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The idea of invisibility seems straight out of science fiction. Harry Potter, Star Trek, Mr. India, Predator and even James Bond showing off invisible humans, spaceships, vehicles and what not!
But the idea of being invisible is not a new one. The idea is as old as 1800’s, when HG Wells in his famous novel ‘The Invisible Man’ wrote about a man who could disappear out of sight.
Scientists have since long observed the NEED to go invisible in nature. Examples include the leopard’s spotted coat and the battledress of a modern soldier – both attempts at staying alive!
Now however, these tricks are useful only as long as the organism is stationary, so they aren’t examples of invisibility in the true sense.. So clearly, there is need for something more – that can make humans invisible while moving – and once again science came to the rescue!
First things first, what is a cloaking device? Cloaking of objects refers to making them disappear. Anything that does that – is called a cloaking device.
Now the object doesn’t really disappear; the vanishing is just an illusion.
And to study how such an illusion is brought about or is even possible, we need to learn how anything is visible to us in the first place.
Basically, light is responsible for everything that the human eye can see. We see objects when light falls on them, bounces off and reaches our eyes. So to make anything invisible, one way is to stop light from interacting with it.
But it’s easier said than done, because light is everywhere and interacts with everything invariably. We can take air out of a space and create vacuum. We can even make a space so soundproof, that its decibel level is negative – but complete absence of light has never been achieved. So how do we go about it? Our scientists have been trying to do that, not by making light go away, but by playing around with it!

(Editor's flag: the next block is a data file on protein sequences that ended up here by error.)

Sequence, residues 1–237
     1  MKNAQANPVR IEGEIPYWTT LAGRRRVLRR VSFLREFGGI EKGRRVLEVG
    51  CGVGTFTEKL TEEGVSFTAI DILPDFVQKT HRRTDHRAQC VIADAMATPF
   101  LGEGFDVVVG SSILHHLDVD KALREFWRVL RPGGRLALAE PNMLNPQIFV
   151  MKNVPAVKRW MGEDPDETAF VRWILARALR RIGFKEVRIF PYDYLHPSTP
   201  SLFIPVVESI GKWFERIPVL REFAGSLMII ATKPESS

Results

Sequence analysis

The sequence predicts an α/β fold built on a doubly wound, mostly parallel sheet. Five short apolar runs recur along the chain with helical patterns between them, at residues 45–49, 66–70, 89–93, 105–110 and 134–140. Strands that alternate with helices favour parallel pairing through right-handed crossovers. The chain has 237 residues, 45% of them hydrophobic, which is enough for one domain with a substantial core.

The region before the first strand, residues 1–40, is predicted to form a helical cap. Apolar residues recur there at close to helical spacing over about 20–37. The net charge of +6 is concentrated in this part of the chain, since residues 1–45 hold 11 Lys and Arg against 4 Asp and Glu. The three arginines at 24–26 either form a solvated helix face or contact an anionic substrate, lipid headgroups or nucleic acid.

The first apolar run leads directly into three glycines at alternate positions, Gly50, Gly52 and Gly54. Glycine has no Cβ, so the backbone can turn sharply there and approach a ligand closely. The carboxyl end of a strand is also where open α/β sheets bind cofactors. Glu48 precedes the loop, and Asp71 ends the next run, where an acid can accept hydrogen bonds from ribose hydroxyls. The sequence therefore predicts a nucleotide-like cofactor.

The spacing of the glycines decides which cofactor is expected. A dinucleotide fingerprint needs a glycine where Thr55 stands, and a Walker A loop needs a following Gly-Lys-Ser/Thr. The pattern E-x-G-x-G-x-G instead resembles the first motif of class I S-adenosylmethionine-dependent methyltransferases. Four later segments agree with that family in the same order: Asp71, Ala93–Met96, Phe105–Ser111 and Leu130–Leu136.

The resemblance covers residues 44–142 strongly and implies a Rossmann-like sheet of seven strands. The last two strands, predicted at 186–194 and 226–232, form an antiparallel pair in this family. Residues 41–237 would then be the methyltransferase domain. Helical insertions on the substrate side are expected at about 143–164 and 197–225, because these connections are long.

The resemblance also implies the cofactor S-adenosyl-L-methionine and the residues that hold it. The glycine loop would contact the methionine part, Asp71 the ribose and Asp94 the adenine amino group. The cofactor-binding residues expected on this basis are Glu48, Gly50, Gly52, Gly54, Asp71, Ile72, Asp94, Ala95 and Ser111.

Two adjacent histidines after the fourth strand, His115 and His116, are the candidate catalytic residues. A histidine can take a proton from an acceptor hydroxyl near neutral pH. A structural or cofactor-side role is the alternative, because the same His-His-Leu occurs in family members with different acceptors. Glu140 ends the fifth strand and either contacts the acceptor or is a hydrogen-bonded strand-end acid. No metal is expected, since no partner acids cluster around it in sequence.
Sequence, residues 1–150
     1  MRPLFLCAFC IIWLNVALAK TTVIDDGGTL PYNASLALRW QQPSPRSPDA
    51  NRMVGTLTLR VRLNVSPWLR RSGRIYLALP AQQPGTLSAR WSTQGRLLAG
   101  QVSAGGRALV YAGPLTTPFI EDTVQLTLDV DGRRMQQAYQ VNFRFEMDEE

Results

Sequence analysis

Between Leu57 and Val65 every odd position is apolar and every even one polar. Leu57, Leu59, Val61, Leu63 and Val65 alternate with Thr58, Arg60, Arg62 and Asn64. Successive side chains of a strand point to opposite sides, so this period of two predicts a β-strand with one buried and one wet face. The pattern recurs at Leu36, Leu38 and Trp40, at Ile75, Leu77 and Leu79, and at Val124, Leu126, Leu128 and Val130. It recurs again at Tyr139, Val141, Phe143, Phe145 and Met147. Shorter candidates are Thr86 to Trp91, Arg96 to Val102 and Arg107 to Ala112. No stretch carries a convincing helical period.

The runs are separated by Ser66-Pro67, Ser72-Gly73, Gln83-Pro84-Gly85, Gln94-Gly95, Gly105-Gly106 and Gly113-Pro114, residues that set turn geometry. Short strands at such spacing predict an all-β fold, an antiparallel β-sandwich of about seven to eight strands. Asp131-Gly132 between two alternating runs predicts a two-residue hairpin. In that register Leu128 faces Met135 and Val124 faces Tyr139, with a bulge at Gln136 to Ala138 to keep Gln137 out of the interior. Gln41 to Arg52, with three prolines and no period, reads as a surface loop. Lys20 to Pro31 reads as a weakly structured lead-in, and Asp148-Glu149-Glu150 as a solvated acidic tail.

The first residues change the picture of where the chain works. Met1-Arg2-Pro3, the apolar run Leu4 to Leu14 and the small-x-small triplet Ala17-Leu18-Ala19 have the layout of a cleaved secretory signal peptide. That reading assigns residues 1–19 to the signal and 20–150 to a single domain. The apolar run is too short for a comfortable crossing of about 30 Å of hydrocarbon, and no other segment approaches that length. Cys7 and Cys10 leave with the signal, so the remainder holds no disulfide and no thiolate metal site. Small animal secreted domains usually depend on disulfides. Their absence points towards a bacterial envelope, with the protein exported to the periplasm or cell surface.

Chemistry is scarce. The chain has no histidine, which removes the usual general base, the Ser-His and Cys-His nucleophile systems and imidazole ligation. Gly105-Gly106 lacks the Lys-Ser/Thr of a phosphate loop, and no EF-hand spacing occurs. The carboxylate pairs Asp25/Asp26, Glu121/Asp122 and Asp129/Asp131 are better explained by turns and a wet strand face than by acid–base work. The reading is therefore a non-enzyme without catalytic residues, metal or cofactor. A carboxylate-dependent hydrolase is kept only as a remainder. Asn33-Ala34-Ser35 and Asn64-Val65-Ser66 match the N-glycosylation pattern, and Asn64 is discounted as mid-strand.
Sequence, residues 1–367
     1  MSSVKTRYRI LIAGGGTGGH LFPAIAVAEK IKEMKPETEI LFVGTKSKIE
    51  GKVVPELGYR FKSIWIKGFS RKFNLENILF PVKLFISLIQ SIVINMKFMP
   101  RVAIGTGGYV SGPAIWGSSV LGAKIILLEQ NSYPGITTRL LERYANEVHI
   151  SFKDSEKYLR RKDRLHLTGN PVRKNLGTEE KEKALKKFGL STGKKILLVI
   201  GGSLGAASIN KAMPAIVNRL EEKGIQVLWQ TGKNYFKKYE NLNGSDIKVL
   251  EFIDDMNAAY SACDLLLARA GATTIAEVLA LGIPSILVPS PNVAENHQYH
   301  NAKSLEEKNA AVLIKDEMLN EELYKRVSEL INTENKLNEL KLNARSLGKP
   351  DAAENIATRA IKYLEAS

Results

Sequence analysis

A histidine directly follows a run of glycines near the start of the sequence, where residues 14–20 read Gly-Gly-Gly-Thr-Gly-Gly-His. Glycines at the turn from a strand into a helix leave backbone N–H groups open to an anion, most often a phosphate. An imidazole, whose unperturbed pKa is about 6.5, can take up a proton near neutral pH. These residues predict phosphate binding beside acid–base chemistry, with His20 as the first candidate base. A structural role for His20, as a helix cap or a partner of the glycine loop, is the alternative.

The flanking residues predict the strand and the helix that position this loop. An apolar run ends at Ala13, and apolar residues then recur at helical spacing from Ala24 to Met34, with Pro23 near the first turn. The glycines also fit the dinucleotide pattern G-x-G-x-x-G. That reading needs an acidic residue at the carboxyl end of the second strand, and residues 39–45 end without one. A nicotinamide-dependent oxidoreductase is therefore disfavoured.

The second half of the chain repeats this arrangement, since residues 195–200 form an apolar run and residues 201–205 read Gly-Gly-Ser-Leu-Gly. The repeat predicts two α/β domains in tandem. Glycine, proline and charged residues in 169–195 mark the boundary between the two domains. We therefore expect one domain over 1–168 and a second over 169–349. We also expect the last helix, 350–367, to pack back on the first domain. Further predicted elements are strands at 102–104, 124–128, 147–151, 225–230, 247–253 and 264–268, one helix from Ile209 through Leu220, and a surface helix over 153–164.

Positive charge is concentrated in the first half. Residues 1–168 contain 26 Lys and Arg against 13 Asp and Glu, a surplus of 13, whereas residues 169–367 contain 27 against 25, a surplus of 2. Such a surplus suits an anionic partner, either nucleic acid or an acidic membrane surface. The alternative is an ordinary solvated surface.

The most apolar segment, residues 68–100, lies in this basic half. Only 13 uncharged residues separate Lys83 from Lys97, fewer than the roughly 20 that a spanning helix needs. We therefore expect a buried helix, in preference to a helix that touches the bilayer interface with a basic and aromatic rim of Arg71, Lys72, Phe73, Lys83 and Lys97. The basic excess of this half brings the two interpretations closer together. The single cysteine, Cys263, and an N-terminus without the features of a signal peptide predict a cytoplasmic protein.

This is an interesting concept, because remember, a cloaking device does not mean that you can just cover up the object somehow so that light bouncing from its surface doesn’t reach your eyes; you ALSO have to bend the light around the object so that we can see what’s behind it, but not the object itself.
You can also achieve this by projecting the background on our eyes. One way through which this was achieved by scientists is by making a “Projection Cloak”. It consists of tiny light emitters or LED display units. These LED display units send light rays in every direction tailored to create exactly the image that a viewer would see from that direction if the cloak and wearer weren’t there at all.
In practice this presents a phenomenal engineering challenge. It’s not so hard to make the full-colour light emitters and cameras that would cover the cloak like tiny sequins; the real difficulty comes from all the computing needed for what to project at every angle, especially since this would constantly change as the wearer moves.
Scientists claim that such a cloak, giving a reasonable semblance of invisibility, could be made for €500,000 (euros). Other computer experts are sceptical – for one thing, because of parallax effects – no camera could record exactly what we would see unless it were situated right where we were standing.
Inspired perhaps by Harry Potter’s invisibility cloak, scientists have been trying to build a cloaking device for some time now, in several ways—some simple and some involving new technologies—to hide objects from view. One successful demonstration for the same was given by a professor and a couple of his graduate students at University of Rochester. The best thing is, it uses inexpensive, readily available materials like lenses in a novel configuration.
Their set-up uses four standard lenses that allows an object to appear invisible even as the viewer moves several degrees away from the optimal viewing positions.